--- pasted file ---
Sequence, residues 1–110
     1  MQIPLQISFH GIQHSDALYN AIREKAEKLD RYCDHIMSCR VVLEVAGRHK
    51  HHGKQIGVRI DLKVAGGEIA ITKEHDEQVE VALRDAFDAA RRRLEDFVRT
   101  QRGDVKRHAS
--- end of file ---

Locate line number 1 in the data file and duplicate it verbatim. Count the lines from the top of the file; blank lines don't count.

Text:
Sequence, residues 1–110